Add another stick to the fire. The hungry beasts will come prowling soon enough. Hunker down, tell some stories, find a way to be a family.


And just maybe one day, 10,000 years hence, when the next Ice Age has risen and wiped the earth clean again of our follies, a confused future naked ape with a mate and a child and a fire to tend will see this footprint of mine, and feel, somehow, grounded again; will think, for a fleeting second, “Look now, we have been this way before.”

This article first ran in the winter 2015–16 issue of Coast Mountain Culture magazine.

Coast Mountain Culture magazine — everything that’s fine about the planet Cascadia.


Got stress? Try impromptu living room dance parties. Science rates it.

I’m working on a new stress management strategy.

Gritting my teeth and just getting ‘er done has backfired. Compulsive clenching has begun to undermine the fillings in my molars. So much for the grin and bear it approach.

So, impromptu dance parties it is.

I mean, how good does it feel to crank the tunes, dim the lights and get silly, rocking out in the living room with your roomies?

Science backs that up. A new study from the University of Oxford shows that dancing together with others (“exertive movements in synchrony”) boosts health and wellbeing. Even rocking or walking in step with someone creates a feeling of emotional closeness. The endorphin kick from dancing in sync increases pain tolerance and boosts the sense of connectedness with those you’re dancing with.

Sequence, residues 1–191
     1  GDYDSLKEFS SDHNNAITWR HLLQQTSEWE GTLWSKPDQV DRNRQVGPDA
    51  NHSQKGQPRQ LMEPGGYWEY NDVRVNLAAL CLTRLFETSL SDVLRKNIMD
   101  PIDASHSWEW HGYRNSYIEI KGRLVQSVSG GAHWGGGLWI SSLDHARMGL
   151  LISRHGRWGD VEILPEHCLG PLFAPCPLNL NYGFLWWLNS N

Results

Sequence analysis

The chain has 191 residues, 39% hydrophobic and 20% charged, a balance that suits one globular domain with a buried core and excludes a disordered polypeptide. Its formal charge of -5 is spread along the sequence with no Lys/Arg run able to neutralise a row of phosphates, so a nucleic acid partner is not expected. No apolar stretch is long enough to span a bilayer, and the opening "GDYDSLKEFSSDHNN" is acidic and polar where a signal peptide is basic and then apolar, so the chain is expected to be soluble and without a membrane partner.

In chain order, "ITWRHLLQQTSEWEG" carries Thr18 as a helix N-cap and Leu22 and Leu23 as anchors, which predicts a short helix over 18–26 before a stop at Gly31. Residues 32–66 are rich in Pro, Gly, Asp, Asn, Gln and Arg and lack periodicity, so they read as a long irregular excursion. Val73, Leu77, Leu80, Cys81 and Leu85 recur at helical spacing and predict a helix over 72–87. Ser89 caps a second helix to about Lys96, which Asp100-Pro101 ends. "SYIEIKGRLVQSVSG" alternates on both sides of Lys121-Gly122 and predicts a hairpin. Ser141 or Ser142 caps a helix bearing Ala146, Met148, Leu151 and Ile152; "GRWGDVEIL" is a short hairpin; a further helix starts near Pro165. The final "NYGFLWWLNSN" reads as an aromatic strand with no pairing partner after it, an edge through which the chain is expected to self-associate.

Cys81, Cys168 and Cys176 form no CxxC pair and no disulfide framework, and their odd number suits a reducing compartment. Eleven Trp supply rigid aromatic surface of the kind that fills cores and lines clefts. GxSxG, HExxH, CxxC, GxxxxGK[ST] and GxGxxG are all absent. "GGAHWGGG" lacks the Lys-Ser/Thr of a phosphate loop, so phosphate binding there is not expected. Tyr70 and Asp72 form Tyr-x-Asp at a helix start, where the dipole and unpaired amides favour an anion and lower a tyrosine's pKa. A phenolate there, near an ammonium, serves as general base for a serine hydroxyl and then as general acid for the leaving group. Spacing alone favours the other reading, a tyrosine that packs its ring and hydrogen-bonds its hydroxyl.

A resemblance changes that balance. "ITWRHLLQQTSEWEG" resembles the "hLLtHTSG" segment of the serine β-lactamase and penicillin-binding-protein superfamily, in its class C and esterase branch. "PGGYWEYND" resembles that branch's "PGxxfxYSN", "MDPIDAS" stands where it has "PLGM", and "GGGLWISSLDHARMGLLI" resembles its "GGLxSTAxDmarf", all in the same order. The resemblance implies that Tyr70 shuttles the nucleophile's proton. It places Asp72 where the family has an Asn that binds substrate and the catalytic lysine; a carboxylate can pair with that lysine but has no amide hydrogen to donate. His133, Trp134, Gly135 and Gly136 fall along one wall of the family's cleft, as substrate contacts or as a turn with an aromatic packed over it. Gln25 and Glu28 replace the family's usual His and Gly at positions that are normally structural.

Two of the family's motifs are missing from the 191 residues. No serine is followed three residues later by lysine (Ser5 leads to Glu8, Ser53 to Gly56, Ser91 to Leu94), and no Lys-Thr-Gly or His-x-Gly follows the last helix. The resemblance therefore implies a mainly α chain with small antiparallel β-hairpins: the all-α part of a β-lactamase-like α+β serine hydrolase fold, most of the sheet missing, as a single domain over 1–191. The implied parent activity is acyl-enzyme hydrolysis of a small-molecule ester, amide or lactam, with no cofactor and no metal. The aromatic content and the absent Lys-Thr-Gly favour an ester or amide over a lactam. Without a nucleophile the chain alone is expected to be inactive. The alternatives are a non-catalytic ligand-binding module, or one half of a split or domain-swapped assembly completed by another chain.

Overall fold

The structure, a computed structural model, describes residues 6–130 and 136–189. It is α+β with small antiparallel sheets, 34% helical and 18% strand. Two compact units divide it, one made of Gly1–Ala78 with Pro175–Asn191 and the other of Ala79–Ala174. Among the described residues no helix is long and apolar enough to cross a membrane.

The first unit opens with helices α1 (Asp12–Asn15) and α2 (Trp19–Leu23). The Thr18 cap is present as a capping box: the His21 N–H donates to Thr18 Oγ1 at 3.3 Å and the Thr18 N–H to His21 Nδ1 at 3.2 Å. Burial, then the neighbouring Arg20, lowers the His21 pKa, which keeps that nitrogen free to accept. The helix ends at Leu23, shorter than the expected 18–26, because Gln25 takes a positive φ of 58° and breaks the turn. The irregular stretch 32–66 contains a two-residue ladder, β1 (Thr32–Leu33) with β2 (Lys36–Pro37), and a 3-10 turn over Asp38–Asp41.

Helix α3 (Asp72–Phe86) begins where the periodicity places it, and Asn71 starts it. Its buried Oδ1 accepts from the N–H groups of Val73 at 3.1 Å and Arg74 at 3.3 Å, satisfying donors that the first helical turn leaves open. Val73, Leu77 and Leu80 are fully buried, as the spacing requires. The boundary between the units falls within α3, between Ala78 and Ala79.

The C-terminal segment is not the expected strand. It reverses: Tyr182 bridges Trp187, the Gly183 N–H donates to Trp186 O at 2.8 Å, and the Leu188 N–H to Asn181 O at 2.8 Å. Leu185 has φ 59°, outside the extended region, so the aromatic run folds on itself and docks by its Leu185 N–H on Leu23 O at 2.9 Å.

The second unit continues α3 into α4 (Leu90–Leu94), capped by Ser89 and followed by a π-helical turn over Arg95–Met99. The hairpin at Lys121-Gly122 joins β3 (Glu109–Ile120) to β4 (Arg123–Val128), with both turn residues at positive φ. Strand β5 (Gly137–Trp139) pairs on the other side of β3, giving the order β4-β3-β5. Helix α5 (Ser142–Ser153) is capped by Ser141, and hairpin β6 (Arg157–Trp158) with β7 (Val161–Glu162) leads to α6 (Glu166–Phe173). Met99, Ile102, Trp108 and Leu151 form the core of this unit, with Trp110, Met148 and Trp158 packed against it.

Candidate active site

Screen shot 2015-12-08 at 10.46.02 AM

Even babies feel it. As the study’s lead researcher, Bronwyn Tarr, told Mic magazine, “They pick up the beat and get a lot of pleasure out of moving along to it.

When we grow up, we seem to start limiting our expression of that inherent musical ability. I think adults need to look for opportunities to unlock the creativity that was originally there.”


Wanting to release my latent groover, I reached out to the founder of Pemberton’s Dance Studio, dance teacher Anna Kroupina. Alas, Kroupina, a bona fide Russian-trained ballerina, couldn’t offer me a fast-track to funky moves and a chill head space. When you grow up behind the Iron Curtain, in a country that breeds the best dancers in the world, dance is firstly about discipline.


Mesmerized by ballet performances she’d watched on TV as a three year old on the party-controlled stations, Kroupina had to audition for a place at a dance school. “It was a huge selection process. There were two or three schools in the big city and they’d pluck 20 per cent out and give those kids a chance to try ballet,” she said.